Guest Post by Tierney Kennedy
Today on the blog I have long time Be A Fun mum reader Tierney guest posting about making Math’s fun at home. With three kids of her own, plus 50 books for teachers under her name, she’s the person to talk to! Feel free to ask any questions in the comments at end of the post.
As a parent I have lots of ideas about the experiences that I want to give my kids, but when it comes down to it I’m usually too tired, busy and time-poor to make them happen. It’s hard not to feel guilty about the things that we know are important but don’t manage to get to.
Maths is one of those things that we feel guilty about. Often we are scared of maths because of our own negative experiences, so we avoid it — and then end up passing that same fear onto our kids. Plus, there is that feeling of not really knowing what to do anyway, so we tend to focus on reading and leave maths to teachers instead of doing much of it ourselves.
I want to share some simple ideas for changing this – for building maths into normal life in a way that doesn’t take a whole lot of time, effort or energy – for making maths fun.
Here are a few of my favourite things to do with my own kids. I hope that you enjoy them as much as we do!
1. High fives
We like making ‘weird high fives’ using the fingers of both hands (e.g. 4 fingers on one hand and 1 on the other), and then to play around we make other numbers such as high eights or high threes. It usually results in lots of giggles and tends to get a bit out of control with both boys trying to outdo each other.
2. Maths at breakfast
Often we end up out for dinner or talking through how our days went, so I find breakfast a better time to bring maths into our discussions. One of my favourites was when I cut up our toast into quarters and presented it on the one plate instead of giving it out individually. I asked the kids to work out how many bits of bread there had been before I cut them up. Then I had them work out how to share the pieces fairly.
3. Maths snack
Another cool idea is to give the kids a few sultanas (say 4 or 5) and get them to work out how many there are, then move the sultanas around and see if the number changes. Don’t tell them, just ask “how many are there now?” and let them count as many times as they need to. Eventually the idea will sink in, and you can ask “do you think that I could change how many there are by moving them or will it always be the same?” This might sound pretty basic, but establishing what changes a number and what doesn’t is the key idea that kids need to in order to be successful at school maths and I would estimate that 80% of Prep-aged kids don’t have this concept solidly sorted. You can play with this concept in a lot of different ways. Try spreading the sultanas out, squashing them up, putting them in a circle and putting them in a container and shaking it to see if the number changes.
4. Maths while playing
Repetitious games, while boring for us, allow kids to predict patterns and recognise sequences. Games which have the same answer each time, or the same sequence of actions (e.g. hop twice then blink) are great for future learning of algebra. These are particularly helpful if you can build on a basic sequence, by repeating it back and then adding in an extra step. They also build short-term memory retention. For babies this can be as simple as playing “round and round the garden” and slowing down the steps until the kids are giggling in anticipation of the tickling.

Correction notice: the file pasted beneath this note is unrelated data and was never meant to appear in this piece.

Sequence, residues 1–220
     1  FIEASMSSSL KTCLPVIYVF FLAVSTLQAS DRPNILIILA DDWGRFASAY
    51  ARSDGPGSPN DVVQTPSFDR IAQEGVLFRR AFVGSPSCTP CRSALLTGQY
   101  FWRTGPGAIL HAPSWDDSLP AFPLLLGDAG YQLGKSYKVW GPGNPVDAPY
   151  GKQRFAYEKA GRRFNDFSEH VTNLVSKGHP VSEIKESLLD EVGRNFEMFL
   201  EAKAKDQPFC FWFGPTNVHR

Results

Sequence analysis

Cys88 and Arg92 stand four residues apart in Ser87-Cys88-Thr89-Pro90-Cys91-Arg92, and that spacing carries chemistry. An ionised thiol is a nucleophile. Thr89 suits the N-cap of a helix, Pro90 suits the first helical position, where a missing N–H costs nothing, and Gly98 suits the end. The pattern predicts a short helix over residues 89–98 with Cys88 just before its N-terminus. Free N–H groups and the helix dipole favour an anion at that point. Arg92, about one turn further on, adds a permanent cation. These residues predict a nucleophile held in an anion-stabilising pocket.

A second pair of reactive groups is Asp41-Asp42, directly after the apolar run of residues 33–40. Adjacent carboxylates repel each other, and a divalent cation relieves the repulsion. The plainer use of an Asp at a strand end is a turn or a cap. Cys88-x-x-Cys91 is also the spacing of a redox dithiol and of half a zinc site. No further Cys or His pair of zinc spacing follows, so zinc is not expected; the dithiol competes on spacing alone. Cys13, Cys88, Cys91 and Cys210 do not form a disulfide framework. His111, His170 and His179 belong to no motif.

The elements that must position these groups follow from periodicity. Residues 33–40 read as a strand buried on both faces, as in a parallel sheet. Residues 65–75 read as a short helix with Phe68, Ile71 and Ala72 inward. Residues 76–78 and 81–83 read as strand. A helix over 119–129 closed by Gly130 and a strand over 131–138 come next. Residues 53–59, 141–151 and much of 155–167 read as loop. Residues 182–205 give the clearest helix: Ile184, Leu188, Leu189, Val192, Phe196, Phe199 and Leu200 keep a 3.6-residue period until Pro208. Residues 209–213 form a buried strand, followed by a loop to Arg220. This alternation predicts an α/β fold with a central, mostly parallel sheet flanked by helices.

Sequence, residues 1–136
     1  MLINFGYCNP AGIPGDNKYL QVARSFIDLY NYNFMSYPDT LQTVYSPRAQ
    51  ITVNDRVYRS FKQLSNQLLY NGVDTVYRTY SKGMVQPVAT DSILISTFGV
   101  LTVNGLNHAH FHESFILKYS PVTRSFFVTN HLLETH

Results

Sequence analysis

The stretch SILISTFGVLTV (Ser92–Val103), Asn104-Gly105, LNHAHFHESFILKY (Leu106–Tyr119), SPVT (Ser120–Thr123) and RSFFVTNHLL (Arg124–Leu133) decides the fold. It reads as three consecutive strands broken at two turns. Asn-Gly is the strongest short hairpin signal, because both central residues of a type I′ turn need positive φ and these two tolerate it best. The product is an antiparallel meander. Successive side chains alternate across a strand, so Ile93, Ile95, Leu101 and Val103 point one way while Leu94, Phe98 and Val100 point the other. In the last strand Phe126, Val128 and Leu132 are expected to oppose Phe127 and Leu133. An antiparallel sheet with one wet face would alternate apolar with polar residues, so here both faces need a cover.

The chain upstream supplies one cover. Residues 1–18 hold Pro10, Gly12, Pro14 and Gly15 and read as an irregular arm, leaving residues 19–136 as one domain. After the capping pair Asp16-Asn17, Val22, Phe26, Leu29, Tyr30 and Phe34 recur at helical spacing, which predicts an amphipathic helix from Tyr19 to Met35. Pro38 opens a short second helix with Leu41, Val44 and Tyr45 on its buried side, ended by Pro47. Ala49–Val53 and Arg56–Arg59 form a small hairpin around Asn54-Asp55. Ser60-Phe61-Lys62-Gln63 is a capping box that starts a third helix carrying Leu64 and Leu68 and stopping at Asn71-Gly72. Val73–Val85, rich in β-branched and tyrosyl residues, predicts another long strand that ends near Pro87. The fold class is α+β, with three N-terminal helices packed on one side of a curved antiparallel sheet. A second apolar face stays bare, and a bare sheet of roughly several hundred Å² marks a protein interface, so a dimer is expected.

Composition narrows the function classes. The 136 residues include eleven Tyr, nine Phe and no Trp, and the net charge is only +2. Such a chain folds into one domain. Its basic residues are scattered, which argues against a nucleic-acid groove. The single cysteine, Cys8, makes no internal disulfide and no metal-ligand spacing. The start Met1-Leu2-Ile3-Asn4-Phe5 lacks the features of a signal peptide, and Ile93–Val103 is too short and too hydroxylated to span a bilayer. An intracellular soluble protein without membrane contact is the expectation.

Skittles is also a fantastic game for building number skills. I used 6 plastic bottles to play with my three year old. He used to yell out, “Mummy, I knocked 5 down. There’s 1 left!” In teacher-talk this is called “partitioning” and it’s about breaking a number up into smaller bits. Kids who can break any number up into smaller parts can automatically add and subtract when the time comes.
5. Maths with my body
Lots of kids begin with a concept of 1, 2 and then “many”. They call this many lots of different names, including rote counting, or calling any big number 100. It can be hard for them to recognise that different amounts have different names. So when we are introducing numbers it is important to only introduce one at a time and to relate it to what they already know. If a child knows 1 and 2 (two is one for each hand), then three is the next number. Three is one in each hand and one left over (or one in each hand and one on your head to make them laugh). Four can be two in each hand, or one on each hand and one on each foot. Five can be two in each hand with one left, or one on each hand, foot, and one on your head. By building up knowledge of numbers as “one more than” we help kids to recognise numbers in their own right and build their confidence as they go.
Have a great time building maths into everyday life and your kids will become more confident with it too. Look out for opportunities to talk about maths when you are in your normal routine: out for a walk (looking at house numbers), buying things from the shop (counting and weighing fruit) and setting the table (working out how many forks are needed for everyone).
Maths shouldn’t be scary for us, or for our kids. Mostly, it is just plain fun.
About the Author
Tierney Kennedy is mum to three children, a maths consultant and author of over 50 books for teachers. She works with teachers from around Australia to help maths actually make sense to kids.
Facebook page: Maths Matters